Examining women and confidence in the workplace

What's the best way to diversify the corner office?

You may have heard this statistic before, women apply to jobs when they fill 100 percent of the listed qualifications. Men? Only 60 percent.

Those numbers are cited as evidence that women need to be more confident in the workplace, but Tara Sophia Mohr, author of "Playing Big," thinks that's the wrong conclusion.

She did her own study and wrote about it in the Harvard Business Review.

I was skeptical, because the times had decided not to apply for a job because I didn’t meet all the qualifications, faith myself wasn’t exactly the issue. I suspected I wasn’t alone.

So I surveyed over a thousand men and women, predominantly American professionals, and asked them, “If you decided not to apply for a job because you didn’t meet all the qualifications, why didn’t you apply?”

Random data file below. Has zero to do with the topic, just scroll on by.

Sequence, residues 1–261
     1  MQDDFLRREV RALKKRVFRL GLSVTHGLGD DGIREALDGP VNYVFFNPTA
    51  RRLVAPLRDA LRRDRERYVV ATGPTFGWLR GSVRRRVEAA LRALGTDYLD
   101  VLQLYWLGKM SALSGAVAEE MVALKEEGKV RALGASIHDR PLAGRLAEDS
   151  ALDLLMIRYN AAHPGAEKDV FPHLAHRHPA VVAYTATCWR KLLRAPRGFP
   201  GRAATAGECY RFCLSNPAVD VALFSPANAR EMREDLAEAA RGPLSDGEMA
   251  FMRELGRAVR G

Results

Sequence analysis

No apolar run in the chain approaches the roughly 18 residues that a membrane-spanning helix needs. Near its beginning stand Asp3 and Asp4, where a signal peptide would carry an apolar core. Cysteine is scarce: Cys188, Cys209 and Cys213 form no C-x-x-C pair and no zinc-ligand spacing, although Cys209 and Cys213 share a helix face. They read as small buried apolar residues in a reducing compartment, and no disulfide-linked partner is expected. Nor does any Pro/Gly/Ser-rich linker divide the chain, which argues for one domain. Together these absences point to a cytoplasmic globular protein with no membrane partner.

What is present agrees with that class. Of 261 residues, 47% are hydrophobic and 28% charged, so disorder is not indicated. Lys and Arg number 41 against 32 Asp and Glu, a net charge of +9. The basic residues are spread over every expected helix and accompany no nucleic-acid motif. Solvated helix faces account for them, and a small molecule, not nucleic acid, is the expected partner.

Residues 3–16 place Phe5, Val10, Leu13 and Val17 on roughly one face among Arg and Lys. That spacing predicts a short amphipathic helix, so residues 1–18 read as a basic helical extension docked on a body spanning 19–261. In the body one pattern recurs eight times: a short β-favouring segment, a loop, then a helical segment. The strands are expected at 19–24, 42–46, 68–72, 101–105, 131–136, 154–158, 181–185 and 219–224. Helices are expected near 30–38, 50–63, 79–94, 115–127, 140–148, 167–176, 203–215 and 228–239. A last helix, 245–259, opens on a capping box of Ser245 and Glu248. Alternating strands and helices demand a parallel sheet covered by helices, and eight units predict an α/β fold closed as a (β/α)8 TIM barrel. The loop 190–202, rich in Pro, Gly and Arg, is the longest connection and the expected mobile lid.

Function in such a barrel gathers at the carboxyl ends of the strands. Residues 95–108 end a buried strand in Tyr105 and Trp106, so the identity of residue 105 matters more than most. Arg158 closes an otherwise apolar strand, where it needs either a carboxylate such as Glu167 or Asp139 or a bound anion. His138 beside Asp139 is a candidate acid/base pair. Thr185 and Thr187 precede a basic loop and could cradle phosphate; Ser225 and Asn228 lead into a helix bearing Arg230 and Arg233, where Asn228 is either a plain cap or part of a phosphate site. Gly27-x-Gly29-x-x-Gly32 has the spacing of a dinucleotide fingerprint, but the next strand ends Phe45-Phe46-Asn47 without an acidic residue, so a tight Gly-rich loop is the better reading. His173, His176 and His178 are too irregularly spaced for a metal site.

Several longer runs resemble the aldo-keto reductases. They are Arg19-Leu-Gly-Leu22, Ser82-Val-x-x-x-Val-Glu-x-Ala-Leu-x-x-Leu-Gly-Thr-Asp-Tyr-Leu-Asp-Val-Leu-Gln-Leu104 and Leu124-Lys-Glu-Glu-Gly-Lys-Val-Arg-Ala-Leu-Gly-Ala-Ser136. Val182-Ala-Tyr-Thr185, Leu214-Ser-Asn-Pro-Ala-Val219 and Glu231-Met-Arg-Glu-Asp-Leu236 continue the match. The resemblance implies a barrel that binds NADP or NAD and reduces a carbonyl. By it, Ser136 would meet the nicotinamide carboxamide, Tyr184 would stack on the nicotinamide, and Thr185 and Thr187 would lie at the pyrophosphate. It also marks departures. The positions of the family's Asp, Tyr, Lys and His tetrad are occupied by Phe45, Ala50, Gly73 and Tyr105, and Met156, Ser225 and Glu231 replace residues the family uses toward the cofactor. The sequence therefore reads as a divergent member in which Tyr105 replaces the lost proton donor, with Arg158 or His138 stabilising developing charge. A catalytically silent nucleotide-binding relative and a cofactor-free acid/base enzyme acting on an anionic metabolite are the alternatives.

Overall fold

According to the self-report of the respondents, the barrier to applying was not lack of confidence. In fact, for both men and women, “I didn’t think I could do the job well” was the least common of all the responses. Only about 10% of women and 12% of men indicated that this was their top reason for not applying.

About the author

Lizzie O'Leary is the new host of Marketplace Weekend.

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